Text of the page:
Episode five – ‘Recommendations for change and our visions for the future’
Host – Arlie (Suicide Prevention Coproduction Project co-ordinator)
Volunteers – Debbie, Abi Hart, Kirstie
Kirstie – ‘A really simple guiding principle would be; what would you expect in terms of treatment if you or a family member were in this position’.
Kirstie – ‘I would like to see a holistic, person-centred practice that’s open, that’s transparent… where shared decision making is the norm. and to staff – hang on in there! The work that they do must be really hard. And at the end of it, we are all human’.
Debbie – ‘Not everybody has previously had positive experiences with accessing services. Wherever possible it would be so appreciated if every person was met with a fresh set of eyes and fresh perspective where there are no assumptions made’.
Debbie – ‘Suicide is preventable’
This final episode gives staff insight into people’s genuine experiences of accessing services. The volunteers discuss some of the positives, but also the disparity in what services say they will do, versus how that actually feels for real people. Volunteers offer practical advice and solutions to staff around individual practice, but also thinking about the system and its structure more widely.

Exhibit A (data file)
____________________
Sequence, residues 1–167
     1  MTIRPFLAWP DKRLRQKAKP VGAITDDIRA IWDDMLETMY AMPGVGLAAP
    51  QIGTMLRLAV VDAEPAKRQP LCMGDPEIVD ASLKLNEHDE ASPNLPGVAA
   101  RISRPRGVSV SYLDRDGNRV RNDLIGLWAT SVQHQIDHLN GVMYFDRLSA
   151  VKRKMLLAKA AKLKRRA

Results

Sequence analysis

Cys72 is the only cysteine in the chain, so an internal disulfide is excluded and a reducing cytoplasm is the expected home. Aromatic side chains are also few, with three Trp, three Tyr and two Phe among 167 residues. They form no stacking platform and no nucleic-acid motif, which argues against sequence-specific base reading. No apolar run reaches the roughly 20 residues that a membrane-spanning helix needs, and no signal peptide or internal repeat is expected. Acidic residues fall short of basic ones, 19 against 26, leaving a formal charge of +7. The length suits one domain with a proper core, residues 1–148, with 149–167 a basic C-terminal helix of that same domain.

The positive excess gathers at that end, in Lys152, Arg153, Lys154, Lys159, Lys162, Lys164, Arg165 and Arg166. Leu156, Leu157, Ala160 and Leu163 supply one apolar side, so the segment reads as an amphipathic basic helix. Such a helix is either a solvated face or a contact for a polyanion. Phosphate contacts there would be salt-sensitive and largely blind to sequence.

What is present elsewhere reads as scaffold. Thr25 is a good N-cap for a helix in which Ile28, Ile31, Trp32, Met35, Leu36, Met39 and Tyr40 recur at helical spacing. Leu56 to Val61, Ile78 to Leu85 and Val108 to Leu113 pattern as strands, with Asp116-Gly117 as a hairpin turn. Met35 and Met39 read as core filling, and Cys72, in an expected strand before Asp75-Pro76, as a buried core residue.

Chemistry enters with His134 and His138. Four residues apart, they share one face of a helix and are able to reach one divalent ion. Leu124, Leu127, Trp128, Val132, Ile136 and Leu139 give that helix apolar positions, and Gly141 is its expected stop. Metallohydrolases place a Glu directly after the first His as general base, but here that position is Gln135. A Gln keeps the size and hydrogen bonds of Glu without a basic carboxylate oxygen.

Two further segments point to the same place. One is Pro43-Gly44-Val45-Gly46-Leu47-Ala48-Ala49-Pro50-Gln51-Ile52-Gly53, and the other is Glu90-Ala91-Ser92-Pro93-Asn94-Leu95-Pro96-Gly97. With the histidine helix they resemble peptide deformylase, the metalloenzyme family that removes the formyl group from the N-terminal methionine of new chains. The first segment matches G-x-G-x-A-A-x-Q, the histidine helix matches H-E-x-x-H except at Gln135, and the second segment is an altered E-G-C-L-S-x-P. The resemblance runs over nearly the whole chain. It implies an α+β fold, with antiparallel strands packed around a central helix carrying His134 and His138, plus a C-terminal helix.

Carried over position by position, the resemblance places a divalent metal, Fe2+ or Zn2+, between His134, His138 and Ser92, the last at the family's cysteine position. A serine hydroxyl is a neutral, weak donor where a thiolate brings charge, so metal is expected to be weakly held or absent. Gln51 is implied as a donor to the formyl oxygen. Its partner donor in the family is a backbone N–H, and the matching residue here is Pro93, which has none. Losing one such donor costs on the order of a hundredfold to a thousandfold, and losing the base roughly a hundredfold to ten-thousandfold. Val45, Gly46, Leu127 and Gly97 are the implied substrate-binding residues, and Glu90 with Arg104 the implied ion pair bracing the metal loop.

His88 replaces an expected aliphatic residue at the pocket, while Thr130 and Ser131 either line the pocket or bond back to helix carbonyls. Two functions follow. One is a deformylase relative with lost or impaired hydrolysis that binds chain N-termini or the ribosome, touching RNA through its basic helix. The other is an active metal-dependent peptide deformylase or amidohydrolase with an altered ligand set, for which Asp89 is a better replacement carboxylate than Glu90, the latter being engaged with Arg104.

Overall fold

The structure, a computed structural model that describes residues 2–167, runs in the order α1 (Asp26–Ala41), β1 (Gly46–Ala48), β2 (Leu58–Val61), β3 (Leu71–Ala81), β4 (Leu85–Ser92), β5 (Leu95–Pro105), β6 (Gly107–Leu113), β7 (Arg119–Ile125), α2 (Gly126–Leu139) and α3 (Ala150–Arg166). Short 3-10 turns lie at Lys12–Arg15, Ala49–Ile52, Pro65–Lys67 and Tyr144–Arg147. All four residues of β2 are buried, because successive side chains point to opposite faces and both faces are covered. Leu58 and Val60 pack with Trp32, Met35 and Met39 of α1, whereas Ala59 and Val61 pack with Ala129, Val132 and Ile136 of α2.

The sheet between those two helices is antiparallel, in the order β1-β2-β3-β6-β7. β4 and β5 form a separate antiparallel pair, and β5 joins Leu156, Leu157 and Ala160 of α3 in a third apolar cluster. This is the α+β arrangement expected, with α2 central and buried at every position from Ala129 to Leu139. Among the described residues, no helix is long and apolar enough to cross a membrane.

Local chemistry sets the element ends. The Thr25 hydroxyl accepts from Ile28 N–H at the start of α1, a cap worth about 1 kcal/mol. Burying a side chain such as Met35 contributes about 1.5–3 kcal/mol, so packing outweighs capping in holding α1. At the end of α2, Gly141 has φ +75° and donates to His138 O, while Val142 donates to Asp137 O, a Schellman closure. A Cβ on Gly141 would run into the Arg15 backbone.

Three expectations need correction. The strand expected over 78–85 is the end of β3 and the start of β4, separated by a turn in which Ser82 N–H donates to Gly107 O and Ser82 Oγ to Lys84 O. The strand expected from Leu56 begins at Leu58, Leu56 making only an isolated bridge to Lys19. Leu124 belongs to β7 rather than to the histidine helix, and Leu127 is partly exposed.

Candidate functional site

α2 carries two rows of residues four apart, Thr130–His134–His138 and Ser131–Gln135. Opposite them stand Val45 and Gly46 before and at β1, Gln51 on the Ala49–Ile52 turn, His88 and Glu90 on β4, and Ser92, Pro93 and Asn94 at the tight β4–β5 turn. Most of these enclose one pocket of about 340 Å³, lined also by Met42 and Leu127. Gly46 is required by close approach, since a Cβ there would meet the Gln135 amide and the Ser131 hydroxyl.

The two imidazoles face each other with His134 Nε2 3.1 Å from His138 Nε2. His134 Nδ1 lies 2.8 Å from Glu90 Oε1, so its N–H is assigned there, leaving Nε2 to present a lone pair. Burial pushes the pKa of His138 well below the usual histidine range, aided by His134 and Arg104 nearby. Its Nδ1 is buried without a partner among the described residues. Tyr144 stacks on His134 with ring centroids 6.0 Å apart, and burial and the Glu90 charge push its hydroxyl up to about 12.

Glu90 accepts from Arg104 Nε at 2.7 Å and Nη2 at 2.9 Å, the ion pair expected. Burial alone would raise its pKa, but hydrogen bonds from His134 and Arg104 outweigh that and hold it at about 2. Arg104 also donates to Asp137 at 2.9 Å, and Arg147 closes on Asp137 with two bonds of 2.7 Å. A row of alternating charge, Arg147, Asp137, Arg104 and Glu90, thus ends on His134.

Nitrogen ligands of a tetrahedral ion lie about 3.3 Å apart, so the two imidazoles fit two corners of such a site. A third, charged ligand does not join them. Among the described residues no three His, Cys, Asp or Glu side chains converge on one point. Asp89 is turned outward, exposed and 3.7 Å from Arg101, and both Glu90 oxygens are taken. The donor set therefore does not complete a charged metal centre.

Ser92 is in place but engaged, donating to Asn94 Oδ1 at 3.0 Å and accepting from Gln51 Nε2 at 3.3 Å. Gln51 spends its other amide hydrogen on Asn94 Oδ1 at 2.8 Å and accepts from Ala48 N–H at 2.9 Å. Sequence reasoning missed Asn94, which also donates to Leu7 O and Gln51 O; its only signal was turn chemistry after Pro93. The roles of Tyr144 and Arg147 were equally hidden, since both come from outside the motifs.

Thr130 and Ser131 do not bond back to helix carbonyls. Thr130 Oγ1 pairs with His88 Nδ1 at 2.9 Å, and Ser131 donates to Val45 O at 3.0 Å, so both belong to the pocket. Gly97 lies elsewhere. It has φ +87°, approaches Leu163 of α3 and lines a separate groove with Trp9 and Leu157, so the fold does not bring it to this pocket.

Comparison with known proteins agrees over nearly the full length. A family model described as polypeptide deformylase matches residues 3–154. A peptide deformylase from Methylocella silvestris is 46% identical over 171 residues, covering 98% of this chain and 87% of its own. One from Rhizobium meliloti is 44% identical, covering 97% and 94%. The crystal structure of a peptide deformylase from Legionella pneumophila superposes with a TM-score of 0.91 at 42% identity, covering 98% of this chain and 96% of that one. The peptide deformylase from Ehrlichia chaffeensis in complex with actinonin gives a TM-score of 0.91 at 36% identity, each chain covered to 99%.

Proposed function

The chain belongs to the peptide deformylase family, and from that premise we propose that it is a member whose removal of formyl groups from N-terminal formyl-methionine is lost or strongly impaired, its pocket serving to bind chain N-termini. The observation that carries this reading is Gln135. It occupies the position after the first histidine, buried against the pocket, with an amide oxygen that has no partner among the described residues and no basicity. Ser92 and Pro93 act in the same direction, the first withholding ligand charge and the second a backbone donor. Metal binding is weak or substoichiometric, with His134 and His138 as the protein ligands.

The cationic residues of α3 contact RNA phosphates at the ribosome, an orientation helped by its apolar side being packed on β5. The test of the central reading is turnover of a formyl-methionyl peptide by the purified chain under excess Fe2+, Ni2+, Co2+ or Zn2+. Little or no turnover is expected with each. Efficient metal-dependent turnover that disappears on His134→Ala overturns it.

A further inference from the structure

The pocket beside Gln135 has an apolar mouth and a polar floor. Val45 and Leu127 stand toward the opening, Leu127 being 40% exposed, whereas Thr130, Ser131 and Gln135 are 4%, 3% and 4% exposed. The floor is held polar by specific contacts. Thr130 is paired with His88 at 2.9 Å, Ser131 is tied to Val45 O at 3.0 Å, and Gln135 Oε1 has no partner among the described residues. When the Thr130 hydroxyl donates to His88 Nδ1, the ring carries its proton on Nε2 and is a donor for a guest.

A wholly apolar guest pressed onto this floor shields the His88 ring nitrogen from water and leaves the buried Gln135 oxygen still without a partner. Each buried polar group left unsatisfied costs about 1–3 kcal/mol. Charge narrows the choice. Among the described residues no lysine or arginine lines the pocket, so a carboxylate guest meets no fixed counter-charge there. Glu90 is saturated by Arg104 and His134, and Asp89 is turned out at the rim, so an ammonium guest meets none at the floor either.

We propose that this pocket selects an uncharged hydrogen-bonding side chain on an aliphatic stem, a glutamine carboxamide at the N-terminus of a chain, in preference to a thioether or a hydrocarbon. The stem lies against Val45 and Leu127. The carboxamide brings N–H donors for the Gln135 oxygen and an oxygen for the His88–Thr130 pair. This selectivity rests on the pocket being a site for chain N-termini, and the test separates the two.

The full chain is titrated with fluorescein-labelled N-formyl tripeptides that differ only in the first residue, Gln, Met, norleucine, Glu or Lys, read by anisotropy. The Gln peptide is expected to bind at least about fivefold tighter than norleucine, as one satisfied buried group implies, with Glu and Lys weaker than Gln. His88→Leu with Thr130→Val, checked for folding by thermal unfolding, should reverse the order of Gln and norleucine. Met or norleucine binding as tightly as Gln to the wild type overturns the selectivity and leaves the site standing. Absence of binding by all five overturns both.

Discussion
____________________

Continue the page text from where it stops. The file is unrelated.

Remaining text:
Main takeaways from the volunteers' discussions:
- The volunteers feel more support and training should be available to staff, so they have the emotional capacity to support people in crisis. Community members can sense when someone is ‘fed up’, and this can make people feel like a burden.
- People are complex – a crisis service alone won’t make someone well. People need wrap around, holistic, person-centred report. A better joined up approach of services within West Yorkshire could be lifesaving.
- Methods of communication and contact should be flexible. For example, not everyone feels comfortable with phone calls. Text based support should be made available, and we have positive examples of this working successfully in the voluntary sector.